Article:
Posted on Leave a comment

How Has Your Culture Shaped You? Ft. Dr. Talawa Adodo #TeamworkThursdays

In this “How Has Your Culture Shaped You?” interview, Dr. Talawa Adodo, Africologist and linguist talks about his Jamaican culture, Pan-Africanism, and how we should reframe our minds as Africans. I enjoyed his perspectives, and I am sure everyone will learn so many new things by listening to him so eloquently state his research and beliefs. Be sure to like, comment, and subscribe! You can connect with Okunini Talawa on Academia.edu or at talawa.adodo@gmail.com. Connect with Ndidi Love at DiasporAfri.com to support, buy items, and read educational, uplifting content. Twitter: @EmpressAdaeze, @DiasporAfri_LLC Instagram: @Ndidi_Love SoundCloud: DiasporAfri_LLC YouTube: DiasporAfri, LLC Find more interviews done by Ndidi Love, here. Enjoy!

Posted on Leave a comment

How Has Your Culture Shaped You? Ft. Dr. Talawa Adodo #TeamworkThursdays

In this “How Has Your Culture Shaped You?” interview, Dr. Talawa Adodo, Africologist and linguist talks about his Jamaican culture, Pan-Africanism, and how we should reframe our minds as Africans. I enjoyed his perspectives, and I am sure everyone will learn so many new things by listening to him so eloquently state his research and beliefs. Be sure to like, comment, and subscribe! You can connect with Okunini Talawa on Academia.edu or at talawa.adodo@gmail.com. Connect with Ndidi Love at DiasporAfri.com to support, buy items, and read educational, uplifting content. Twitter: @EmpressAdaeze, @DiasporAfri_LLC Instagram: @Ndidi_Love SoundCloud: DiasporAfri_LLC YouTube: DiasporAfri, LLC Find more interviews done by Ndidi Love, here. Enjoy!

Posted on Leave a comment

Your Words Shape Your Destiny

family preparing food in the kitchen

Only you can tell you who you are. You are free, not colonized, you are a solution, not a problem, you are your ancestor’s accomplishment, not a failure. Speak it and don’t accept anything less my beloved Africana people.

I think the oppressors whose narratives have shaped this country are very aware of how words can shape reality. When they put out statistics on populations, they speak in the future, the unknown, and people use those words to determine their destinies. “By 2021, 25% of Black men will be imprisoned”, well, how do they know? Is it their plan? Is it their way of distracting? I just know that I hear Black people say, especially when discussing their goals or their children’s goals “I don’t want to be that statistic” or “I’m not raising him to be a statistic” – they live to do everything to avoid that statistic, instead of just living their calling. The one thing I hate is when parents say, “I’m just glad he has a job, not in jail”, is jail the benchmark? Why are we bringing jail into this? Is he a great debater who can be a successful lawyer? Is he great at building things and can be a great engineer? Is he a great artist that can be a designer? I believe living in the affirmative can help people achieve their goals way more, instead of avoiding things – the benchmark should be your goals. My dad spoke in the affirmative to me, he always told me what I’m good at and what I could be based on what I’m good at. You want to know why I’m so confident? Because my dad let me explore all my talents and made sure I knew my goals were valid. He said, “you want to be a teacher? just own the school”. I wasn’t raised to not be something; I was raised to be something.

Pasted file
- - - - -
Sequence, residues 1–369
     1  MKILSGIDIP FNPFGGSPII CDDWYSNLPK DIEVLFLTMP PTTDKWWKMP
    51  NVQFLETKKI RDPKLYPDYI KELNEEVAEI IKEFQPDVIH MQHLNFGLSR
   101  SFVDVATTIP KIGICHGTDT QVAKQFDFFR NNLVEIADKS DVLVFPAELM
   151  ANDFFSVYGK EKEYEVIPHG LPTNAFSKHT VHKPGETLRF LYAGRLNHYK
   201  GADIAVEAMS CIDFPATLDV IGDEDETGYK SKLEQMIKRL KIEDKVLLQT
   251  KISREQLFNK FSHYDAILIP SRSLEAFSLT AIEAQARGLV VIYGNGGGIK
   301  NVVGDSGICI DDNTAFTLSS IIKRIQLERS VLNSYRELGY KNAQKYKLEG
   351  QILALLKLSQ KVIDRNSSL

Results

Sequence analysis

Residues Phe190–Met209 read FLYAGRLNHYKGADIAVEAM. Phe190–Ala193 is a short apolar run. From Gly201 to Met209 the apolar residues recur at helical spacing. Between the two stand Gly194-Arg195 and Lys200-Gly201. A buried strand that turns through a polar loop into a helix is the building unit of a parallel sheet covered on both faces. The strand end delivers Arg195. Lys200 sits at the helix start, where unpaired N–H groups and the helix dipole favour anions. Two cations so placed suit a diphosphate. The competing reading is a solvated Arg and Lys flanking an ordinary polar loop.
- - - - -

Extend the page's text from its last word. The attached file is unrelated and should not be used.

I know that no matter what, racism is there, and that no matter what I achieve, racists will be racists in a country built on racism. I am not saying that achieving your goals will eliminate racism. I am saying that keeping ourselves and our goals as the focus, not damaging narratives from a people that has historically misrepresented us, will put us in better positions to make change amongst ourselves and our communities. I am not successful to avoid jail because an oppressive statistic said my people end up in jail. I am successful because I achieve the ideas in my head and don’t worry about any other narratives. I took statistics in undergrad and grad, trust me, I don’t believe in statistics the way that others do, I know they are used to shape narratives and instill fear in many cases. In my career, statistics have been used to damage the esteem of students that I have worked with and had to defend. Example: I had a job teaching literacy to students, the corporation had a goal, and benchmarks. When the goal of students enrolled wasn’t achieved, they changed the rules. I had students that were past their grade level, but we were told that they should stay in the program anyway because “they can use help anyway” based on the population they were in that is “low-income” Black community. However, the program was for students who were struggling, and all the students knew that. When a student entered that room, it meant they couldn’t read pretty much, and other students would laugh at that. I fought it and eventually chose my morals over damaging a student’s esteem to help a company achieve a goal. Manipulating a child to make them believe they have an issue when they don’t just wasn’t on my list of things to do. I had students that would enter the program, surpass all benchmarks and still were told they needed the program. Then the company put out statistics to say they helped all these low-income students achieve their goals when in reality, a fraction of those students actually needed help. You see how the numbers game works? It’s all tied to money. “If I can make these low-income people believe that they have a problem, I can make money by solving the problem”, is essentially the model of these “statistics” that they put out.